Wednesday, January 19, 2005

Not Seeing the Forest for the Trees

In his latest commentary, Mark Hyman acknowledges that rumors about special treatment for members of Congress when it comes to Social Security are nonsense.

What would be even more refreshing, however, would be for Hyman to address the equally baseless rumors about the Social Security “crisis.” Such rumors provide the fertile ground for paranoid fantasies of politicians creating their own financial parachutes while the average person goes without.

But as has been pointed out by numerous experts, Social Security will not go broke. It’s good to go for nearly a half century, and only minor tweaking will allow it to continue beyond that with no problem.

So why does the Bush administration keep insisting that we’re on the edge of Social Security Armageddon? Because doing so will allow them to scare people into accepting needless cuts in benefits and allowing a huge and unproductive payoff to financial and banking interests in the form of privatizing a portion of Social Security.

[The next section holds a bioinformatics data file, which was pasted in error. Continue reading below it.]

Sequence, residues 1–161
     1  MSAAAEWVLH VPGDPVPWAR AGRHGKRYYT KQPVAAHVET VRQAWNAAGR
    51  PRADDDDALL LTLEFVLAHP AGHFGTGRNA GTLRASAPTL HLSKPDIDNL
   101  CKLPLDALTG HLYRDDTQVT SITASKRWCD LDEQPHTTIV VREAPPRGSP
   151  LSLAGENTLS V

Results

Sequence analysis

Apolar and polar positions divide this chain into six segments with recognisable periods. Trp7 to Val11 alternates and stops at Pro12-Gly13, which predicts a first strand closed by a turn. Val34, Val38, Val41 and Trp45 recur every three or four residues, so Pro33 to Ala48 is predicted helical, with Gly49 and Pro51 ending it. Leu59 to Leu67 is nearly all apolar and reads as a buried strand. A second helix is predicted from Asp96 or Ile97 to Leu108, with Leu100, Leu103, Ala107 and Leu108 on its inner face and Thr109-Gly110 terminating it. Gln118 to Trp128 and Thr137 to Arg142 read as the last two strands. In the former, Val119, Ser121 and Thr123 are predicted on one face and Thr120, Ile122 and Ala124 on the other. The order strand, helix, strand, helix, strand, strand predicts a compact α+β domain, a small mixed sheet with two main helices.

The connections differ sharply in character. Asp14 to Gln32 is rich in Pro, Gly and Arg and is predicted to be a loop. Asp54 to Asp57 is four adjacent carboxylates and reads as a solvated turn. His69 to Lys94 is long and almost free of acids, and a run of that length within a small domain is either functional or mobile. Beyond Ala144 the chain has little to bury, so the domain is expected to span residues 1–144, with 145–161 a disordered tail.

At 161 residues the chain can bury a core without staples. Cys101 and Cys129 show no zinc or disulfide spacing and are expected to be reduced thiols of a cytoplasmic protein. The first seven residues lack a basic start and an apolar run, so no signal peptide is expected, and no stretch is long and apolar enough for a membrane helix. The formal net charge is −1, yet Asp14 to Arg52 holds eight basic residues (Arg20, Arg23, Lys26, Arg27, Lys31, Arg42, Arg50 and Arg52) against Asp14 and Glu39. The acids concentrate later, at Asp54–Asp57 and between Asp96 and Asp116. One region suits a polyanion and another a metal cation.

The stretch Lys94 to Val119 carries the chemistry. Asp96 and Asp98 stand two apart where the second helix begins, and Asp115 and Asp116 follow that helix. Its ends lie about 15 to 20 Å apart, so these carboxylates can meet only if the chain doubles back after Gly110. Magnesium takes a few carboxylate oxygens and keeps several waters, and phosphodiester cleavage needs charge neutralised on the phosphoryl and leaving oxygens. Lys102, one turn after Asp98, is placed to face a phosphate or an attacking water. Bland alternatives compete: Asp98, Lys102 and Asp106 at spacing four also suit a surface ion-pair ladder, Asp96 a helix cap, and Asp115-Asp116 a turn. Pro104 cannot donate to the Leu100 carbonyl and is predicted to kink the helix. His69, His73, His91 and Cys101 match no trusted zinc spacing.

The mistake many people make when examining the Bush proposal for Social Security is to assume that the administration’s goals are to make Social Security healthier. Skeptics argue that the Bush plan is not the best way to keep Social Security solvent and expect conservatives will argue the issue with that solvency being the shared goal of all involved. But it’s not. Those on the far right want to strangle Social Security. As they so often say, they don’t like government programs. We shouldn’t assume they make an exception for Social Security.

But like many points of conservative dogma, this one can’t be argued in good faith with any chance of it will win widespread political or popular support. Hence, a plan to cause Social Security to wither on the vine is packaged as way of rescuing the program from a non-existent crisis.

Were he here today, George Orwell would take a grim satisfaction in his ability to anticipate just such rhetorical contortions.

For an excellent, short primer on what the facts are on Social Security, see this page from the Center for Economic and Policy Research.

And that's The Counterpoint.


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